Radius of maximum wind
The radius of maximum wind (RMW) is the distance between the center of a cyclone and its band of strongest winds. It is a parameter in atmospheric dynamics and tropical cyclone forecasting. The highest rainfall rates occur near the RMW of tropical cyclones. The extent of a cyclone's storm surge and its maximum potential intensity can be determined using the RMW. As maximum sustained winds increase, the RMW decreases. Recently, RMW has been used in descriptions of tornadoes. When designing buildings to prevent against failure from atmospheric pressure change, RMW can be used in the calculations.
The RMW is traditionally measured by reconnaissance aircraft in the Atlantic basin. It can also be determined on weather maps as the distance between the cyclone center and the system's greatest pressure gradient. Using weather satellite data, the distance between the coldest cloud top temperature and the warmest temperatature within the eye, in infrared satellite imagery, is one method of determining RMW. The reason why this method has merit is that the strongest winds within tropical cyclones tend to be located under the deepest convection, which is seen on satellite imagery as the coldest cloud tops. Use of velocity data from Doppler weather radar can also be used to determine this quantity, both for tornadoes and tropical cyclones near the coast.
In the case of tornadoes, knowledge of the RMW is important as atmospheric pressure change (APC) within sealed buildings can cause failure of the structure. Most buildings have openings totaling one square foot per 1,000-cubic-foot (28 m3) volume to help equalize air pressure between the inside and outside of the structures. The APC is around one-half of its maximum value at the RMW, which normally ranges between 150 feet (46 m) and 500 feet (150 m) from the center (or eye) of the tornado. The widest tornado as measured by actual radar wind measurements was the Mulhall tornado in northern Oklahoma, part of the 1999 Oklahoma tornado outbreak, which had a radius of maximum wind of over 800 metres (2,600 ft).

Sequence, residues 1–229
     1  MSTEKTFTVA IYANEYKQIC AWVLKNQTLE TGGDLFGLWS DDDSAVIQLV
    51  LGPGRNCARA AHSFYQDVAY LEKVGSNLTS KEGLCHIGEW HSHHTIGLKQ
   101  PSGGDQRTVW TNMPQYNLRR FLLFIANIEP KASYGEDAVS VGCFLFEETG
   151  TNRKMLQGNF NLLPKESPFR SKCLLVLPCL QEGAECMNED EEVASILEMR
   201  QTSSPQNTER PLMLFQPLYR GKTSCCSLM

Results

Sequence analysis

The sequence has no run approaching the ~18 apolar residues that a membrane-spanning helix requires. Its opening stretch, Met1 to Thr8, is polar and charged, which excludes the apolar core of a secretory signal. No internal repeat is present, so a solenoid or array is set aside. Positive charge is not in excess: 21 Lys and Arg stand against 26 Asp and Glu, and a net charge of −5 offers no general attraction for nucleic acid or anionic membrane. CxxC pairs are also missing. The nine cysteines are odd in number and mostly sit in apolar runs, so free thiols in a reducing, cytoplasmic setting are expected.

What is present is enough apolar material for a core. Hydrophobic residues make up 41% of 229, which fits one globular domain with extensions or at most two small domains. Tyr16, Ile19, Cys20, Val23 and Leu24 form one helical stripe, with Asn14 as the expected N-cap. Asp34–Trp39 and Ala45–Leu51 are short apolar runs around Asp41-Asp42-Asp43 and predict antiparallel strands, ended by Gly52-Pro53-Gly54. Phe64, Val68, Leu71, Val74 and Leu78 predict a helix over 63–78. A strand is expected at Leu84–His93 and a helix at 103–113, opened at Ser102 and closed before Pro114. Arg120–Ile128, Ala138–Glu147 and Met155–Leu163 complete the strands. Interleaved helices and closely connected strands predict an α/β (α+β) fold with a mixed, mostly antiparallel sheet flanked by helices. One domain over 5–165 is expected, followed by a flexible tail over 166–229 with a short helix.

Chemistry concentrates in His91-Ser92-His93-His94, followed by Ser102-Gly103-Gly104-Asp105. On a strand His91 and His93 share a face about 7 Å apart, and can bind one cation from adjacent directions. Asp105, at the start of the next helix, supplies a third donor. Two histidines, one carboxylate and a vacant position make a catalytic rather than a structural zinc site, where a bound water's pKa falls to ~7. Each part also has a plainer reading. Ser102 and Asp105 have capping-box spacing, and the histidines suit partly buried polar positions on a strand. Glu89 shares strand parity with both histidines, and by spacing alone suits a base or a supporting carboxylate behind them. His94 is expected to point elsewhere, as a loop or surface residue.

An average value for the RMW of 47 kilometres (29 mi) was calculated as the mean (or average) of all hurricanes with a lowest central atmospheric pressure between a pressure of 909 hectopascals (26.8 inHg) and 993 hectopascals (29.3 inHg). As tropical cyclones intensify, maximum sustained winds increase as the RMW decreases. However, values for RMW produced based on central pressure or maximum wind speed could be substantial scattering around the regression lines. The heaviest rainfall within intense tropical cyclones has been observed in the vicinity of the RMW.
The radius of maximum wind helps determine the direct strikes of tropical cyclones. Tropical cyclones are considered to have made a direct strike to a landmass when a tropical cyclone passes close enough to a landmass that areas inside the radius of maximum wind are experienced on land. The radius of maximum wind is used within the maximum potential intensity equation. The Emanuel equation for Maximum Intensity Potential relies upon the winds near the RMW of a tropical cyclone to determine its ultimate potential.
The highest storm surge is normally coincident with the radius of maximum wind. Because the strongest winds within a tropical cyclone lie at the RMW, this is the region of a tropical cyclone which generates the dominant waves near the storm, and ultimately ocean swell away from the cyclone. Tropical cyclones mix the ocean water within a radius three times that of the RMW, which lowers sea surface temperatures due to upwelling.
Much is still unknown about the radius of maximum wind in tropical cyclones, including whether or not it can be predictable.
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